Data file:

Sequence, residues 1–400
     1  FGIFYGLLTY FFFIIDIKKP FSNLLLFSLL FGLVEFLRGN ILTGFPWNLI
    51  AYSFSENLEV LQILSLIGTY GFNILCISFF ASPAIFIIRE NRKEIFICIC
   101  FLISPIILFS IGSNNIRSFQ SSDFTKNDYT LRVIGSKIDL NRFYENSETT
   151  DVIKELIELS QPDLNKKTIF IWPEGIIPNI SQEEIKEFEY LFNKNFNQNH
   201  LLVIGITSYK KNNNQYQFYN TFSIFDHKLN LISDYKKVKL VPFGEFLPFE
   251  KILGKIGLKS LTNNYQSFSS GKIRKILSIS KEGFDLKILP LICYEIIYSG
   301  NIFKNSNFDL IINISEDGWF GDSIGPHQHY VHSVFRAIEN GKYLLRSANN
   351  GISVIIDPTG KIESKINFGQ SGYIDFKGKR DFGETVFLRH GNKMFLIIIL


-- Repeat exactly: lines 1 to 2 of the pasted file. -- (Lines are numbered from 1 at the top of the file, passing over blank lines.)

Sequence, residues 1–400
     1  FGIFYGLLTY FFFIIDIKKP FSNLLLFSLL FGLVEFLRGN ILTGFPWNLI